The microbiota inhabiting the soil, aswell as the rhizosphere, represents a key determinant of several plant functions. Like for humans, dysbiosis of the plant-associated microbiota may be a co-causal agent in disease with still obscure eziology. In the last decades, the common reed Phragmites australis has been deeply studied for its disappearance from natural stands, but no clear causative agents have been identified and no laboratory models of such “reed die-back syndrome” (RDBS) have been developed. In this study, we try to shed light on the RDBS, by comparing the rhizosphere microbiota of five Italian P. australis populations with different degrees of decline. Results obtained showed a biogeographical meaningful pattern of rhizosphere microbiota, coupled with an impact of RDBS. Obtained data allowed to construct a two-steps predictive model which enabled the prediction of the plant health status from the microbiota taxonomic composition, independently from their geographic location. In conclusion, this study represents one of the first overviews that statistically links RDBS to alteration of rhizosphere microbiota and suggests a model for the analysis of plant-bacteria relationships in nature.

Applying predictive models to decipher rhizobacterial modifications in common reed die-back affected populations

Cerri, Martina
Writing – Review & Editing
;
Ferranti, Francesco
Writing – Review & Editing
;
Ferri, Valentina
Writing – Review & Editing
;
Gigante, Daniela
Writing – Review & Editing
;
Venanzoni, Roberto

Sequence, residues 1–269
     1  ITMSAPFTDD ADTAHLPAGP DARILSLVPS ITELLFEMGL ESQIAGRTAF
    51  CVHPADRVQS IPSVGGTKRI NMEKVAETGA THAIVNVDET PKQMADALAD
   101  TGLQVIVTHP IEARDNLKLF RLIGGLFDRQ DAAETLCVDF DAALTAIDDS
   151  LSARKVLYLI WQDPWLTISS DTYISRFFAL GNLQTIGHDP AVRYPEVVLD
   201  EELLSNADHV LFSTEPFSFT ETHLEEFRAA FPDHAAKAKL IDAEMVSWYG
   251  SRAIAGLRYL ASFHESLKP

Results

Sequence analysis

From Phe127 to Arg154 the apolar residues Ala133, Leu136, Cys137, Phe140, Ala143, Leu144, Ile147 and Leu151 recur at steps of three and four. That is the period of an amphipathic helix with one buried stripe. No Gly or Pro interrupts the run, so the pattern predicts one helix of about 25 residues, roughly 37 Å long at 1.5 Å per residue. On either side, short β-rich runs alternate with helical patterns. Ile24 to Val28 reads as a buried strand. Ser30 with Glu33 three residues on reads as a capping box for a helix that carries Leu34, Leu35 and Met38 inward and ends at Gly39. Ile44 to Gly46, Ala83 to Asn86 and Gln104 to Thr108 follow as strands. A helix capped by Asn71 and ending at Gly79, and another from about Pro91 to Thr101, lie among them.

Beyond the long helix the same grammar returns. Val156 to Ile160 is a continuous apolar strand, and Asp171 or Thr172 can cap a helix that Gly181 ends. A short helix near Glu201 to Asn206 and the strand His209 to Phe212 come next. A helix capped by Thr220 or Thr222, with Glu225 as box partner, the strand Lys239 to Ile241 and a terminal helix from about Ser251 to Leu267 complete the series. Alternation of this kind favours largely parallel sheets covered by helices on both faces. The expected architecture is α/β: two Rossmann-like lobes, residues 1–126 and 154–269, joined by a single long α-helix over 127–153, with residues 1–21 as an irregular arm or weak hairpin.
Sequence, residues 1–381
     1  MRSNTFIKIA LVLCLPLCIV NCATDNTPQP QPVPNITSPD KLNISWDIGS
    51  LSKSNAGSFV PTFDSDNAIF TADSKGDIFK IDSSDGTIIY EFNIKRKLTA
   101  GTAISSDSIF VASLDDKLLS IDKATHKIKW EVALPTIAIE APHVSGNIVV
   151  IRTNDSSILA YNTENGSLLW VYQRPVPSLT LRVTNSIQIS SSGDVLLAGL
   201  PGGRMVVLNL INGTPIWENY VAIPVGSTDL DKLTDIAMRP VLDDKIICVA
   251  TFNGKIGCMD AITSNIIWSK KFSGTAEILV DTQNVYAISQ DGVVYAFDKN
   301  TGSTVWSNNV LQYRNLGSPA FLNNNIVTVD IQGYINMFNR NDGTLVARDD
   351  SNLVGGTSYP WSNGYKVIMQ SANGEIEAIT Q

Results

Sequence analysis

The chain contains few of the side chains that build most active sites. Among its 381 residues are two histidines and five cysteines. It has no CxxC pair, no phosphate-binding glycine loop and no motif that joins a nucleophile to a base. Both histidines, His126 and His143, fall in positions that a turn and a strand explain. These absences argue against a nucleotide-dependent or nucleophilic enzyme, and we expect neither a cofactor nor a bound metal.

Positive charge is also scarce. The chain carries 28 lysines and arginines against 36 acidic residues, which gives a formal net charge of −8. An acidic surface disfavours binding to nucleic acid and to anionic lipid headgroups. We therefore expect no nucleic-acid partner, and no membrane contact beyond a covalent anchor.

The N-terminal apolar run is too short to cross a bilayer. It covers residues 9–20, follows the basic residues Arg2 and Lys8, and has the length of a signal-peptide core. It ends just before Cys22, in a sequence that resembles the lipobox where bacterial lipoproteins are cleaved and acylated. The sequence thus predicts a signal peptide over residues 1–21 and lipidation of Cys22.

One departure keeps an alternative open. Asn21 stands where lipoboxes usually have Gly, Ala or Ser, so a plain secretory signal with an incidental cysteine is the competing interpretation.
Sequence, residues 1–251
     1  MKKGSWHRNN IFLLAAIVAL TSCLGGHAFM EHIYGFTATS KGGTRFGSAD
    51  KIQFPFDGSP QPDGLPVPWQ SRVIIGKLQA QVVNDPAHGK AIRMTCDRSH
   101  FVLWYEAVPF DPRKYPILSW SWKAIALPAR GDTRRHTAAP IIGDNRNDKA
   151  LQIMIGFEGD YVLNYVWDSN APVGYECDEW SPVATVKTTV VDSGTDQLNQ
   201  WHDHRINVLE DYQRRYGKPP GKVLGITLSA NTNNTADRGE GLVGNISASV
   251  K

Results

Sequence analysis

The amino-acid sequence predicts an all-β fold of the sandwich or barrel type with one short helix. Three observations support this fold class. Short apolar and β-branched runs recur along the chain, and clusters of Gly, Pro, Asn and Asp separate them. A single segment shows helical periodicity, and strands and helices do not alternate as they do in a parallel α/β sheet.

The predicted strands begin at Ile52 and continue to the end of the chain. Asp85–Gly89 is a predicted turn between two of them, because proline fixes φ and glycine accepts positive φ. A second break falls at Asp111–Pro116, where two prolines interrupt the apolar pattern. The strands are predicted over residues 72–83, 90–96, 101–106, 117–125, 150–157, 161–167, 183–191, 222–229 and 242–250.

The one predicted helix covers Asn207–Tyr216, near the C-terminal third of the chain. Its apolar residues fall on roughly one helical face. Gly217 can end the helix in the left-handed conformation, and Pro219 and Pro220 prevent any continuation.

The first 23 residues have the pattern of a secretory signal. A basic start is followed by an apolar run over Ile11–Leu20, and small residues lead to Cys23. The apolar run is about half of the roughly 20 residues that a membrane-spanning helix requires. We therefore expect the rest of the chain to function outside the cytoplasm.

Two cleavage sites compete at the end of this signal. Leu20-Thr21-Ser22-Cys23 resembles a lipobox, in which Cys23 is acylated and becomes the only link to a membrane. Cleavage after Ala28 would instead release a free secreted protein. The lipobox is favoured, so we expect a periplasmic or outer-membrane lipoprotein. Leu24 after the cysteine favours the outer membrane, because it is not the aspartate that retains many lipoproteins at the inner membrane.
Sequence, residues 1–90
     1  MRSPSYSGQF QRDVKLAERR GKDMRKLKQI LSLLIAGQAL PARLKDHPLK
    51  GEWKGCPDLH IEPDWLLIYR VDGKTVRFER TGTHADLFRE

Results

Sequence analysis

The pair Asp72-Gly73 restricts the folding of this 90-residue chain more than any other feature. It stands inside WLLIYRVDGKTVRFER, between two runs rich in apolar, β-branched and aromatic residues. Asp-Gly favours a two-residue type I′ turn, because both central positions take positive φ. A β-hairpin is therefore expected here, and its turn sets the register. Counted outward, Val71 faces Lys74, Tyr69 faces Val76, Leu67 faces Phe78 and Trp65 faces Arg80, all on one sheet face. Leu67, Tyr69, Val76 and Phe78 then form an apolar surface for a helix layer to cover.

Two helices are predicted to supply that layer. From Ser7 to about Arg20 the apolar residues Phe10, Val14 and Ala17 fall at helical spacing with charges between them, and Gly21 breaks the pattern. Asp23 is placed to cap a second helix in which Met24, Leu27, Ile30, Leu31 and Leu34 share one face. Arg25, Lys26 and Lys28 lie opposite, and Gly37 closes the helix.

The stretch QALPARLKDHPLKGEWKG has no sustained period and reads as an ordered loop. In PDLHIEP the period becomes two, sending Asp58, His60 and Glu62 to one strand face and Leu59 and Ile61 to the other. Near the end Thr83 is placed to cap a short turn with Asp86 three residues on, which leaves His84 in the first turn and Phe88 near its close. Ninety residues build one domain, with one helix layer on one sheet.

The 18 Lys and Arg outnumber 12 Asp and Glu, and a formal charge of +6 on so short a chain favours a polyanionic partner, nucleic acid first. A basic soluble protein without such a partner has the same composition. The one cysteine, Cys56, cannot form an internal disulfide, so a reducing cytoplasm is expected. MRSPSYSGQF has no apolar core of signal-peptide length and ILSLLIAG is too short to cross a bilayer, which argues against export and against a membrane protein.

Writing – Review & Editing
;
Reale, Lara
Writing – Review & Editing
;
2018-01-01

Abstract

The microbiota inhabiting the soil, aswell as the rhizosphere, represents a key determinant of several plant functions. Like for humans, dysbiosis of the plant-associated microbiota may be a co-causal agent in disease with still obscure eziology. In the last decades, the common reed Phragmites australis has been deeply studied for its disappearance from natural stands, but no clear causative agents have been identified and no laboratory models of such “reed die-back syndrome” (RDBS) have been developed. In this study, we try to shed light on the RDBS, by comparing the rhizosphere microbiota of five Italian P. australis populations with different degrees of decline. Results obtained showed a biogeographical meaningful pattern of rhizosphere microbiota, coupled with an impact of RDBS. Obtained data allowed to construct a two-steps predictive model which enabled the prediction of the plant health status from the microbiota taxonomic composition, independently from their geographic location. In conclusion, this study represents one of the first overviews that statistically links RDBS to alteration of rhizosphere microbiota and suggests a model for the analysis of plant-bacteria relationships in nature.
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Utilizza questo identificativo per citare o creare un link a questo documento: https://hdl.handle.net/11391/1440700
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